A lot of American Presbyterians don't believe that the papacy is the Antichrist. In fact, the American revisions to the Westminster Confession of Faith allow for both views (he is, and he is not). Confessional Lutherans, like Presbyterians who hold to the original WCF, consider the papacy/pope to be the Antichrist.
One might think that on some semantic level this would qualify as "anti-Catholic," not in the usual sense of the term which implies some sort of hatred, hostility, or bigotry, but in the sense of being opposed to the Roman religion.
There's one blogger out there who has attempted to use a different meaning for "anti-Catholic," namely referring to someone who does not think that those in the Roman communion are necessarily Christians.
On the other hand, I've come across a Lutheran blogger (link) who has pointed out that in Lutheran theology (allegedly) the view is that Rome is a true church. I'm not sure whether the blogger goes so far as to say that all Roman Catholics are necessarily "Christians," but he seems to be saying "yes."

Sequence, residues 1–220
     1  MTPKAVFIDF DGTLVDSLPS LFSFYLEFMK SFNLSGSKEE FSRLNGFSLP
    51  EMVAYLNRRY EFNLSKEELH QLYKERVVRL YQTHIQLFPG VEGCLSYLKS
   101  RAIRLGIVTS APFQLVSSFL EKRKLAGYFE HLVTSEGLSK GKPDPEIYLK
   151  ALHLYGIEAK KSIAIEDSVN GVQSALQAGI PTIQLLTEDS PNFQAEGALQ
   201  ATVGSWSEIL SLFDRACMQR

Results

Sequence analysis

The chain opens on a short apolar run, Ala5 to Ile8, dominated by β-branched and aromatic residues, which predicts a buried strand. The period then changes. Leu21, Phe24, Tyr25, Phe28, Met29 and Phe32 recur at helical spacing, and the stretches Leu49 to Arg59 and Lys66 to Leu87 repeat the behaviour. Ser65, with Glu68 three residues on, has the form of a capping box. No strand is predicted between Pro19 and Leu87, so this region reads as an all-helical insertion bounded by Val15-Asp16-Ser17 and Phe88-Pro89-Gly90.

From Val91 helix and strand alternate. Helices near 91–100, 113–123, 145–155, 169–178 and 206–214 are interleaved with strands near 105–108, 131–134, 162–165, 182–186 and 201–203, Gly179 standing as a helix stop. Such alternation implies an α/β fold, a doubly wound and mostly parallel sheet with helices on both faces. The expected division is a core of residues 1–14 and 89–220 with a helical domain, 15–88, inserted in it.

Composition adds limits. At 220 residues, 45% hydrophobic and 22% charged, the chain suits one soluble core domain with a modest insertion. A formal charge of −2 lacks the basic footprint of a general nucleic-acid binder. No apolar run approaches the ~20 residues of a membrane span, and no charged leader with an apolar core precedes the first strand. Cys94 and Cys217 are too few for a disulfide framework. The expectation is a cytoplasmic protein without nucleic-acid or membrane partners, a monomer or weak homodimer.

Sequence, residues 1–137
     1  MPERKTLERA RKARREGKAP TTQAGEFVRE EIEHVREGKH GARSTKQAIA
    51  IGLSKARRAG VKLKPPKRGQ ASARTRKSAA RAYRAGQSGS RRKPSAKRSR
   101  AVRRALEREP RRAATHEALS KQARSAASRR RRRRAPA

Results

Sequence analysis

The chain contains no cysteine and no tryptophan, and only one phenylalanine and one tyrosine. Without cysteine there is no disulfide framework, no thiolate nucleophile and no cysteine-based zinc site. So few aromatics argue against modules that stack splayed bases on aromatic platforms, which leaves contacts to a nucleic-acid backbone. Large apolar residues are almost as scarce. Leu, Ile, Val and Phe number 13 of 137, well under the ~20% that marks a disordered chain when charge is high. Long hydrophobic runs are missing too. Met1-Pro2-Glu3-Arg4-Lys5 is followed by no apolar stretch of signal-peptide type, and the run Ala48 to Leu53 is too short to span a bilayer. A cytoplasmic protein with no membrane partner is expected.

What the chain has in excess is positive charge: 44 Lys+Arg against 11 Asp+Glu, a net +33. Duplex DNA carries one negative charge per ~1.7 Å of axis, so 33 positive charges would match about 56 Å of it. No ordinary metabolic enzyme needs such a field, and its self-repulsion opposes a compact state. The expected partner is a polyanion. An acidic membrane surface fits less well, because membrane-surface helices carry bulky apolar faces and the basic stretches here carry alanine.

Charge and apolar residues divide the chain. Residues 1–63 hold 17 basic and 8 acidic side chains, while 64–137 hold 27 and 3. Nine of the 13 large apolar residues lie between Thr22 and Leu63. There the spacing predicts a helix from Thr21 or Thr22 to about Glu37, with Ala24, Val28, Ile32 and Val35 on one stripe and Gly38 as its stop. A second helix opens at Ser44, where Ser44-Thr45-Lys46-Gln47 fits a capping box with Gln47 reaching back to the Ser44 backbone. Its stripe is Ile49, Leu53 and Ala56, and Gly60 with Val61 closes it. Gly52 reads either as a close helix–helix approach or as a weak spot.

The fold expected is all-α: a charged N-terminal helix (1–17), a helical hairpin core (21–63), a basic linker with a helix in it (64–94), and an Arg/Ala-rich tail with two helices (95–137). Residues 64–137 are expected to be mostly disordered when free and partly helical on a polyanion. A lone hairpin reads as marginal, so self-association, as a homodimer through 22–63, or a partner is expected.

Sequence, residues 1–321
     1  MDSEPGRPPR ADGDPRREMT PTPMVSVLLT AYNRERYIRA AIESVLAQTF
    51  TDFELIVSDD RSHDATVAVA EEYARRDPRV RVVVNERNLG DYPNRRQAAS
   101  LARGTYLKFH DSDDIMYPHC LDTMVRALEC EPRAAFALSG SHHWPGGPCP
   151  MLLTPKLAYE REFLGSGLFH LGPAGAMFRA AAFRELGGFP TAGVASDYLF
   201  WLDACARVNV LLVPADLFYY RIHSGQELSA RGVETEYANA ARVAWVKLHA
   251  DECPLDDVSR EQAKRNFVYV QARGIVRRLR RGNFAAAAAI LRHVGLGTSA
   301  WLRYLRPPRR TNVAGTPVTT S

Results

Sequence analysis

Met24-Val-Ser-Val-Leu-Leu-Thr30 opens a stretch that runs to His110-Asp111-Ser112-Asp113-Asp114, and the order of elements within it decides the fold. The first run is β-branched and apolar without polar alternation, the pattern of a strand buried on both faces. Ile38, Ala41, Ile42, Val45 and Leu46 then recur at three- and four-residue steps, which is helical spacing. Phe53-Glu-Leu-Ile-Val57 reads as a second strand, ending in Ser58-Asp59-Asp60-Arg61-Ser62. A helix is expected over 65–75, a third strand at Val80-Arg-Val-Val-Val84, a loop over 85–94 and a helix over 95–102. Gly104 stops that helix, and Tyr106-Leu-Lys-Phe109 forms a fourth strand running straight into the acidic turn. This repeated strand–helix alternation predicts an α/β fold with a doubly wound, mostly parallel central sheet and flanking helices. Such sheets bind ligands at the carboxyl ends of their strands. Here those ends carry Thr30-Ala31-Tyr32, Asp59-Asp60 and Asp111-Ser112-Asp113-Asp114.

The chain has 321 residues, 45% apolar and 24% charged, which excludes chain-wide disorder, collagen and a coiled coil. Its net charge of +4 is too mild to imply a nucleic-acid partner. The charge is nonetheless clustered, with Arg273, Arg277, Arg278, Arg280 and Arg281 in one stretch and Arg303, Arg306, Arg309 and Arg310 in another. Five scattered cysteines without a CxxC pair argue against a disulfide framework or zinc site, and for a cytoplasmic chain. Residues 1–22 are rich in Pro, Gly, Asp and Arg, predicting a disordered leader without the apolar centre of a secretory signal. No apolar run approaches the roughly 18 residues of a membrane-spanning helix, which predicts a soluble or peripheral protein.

What an interesting dilemma! If you think that a Roman catholic actually needs saving faith in Christ in order to be a true Christian, you might be an "anti-Catholic" but you can hold that the pope is antichrist, and that many Roman Catholics are going to hell, but if you simply label them as "Christians," you would not be anti-Catholic.
Perhaps the real key here is that "anti-Catholic" has become largely a tool for describing hatred, hostility, or bigotry, rather than some kind of nuanced word.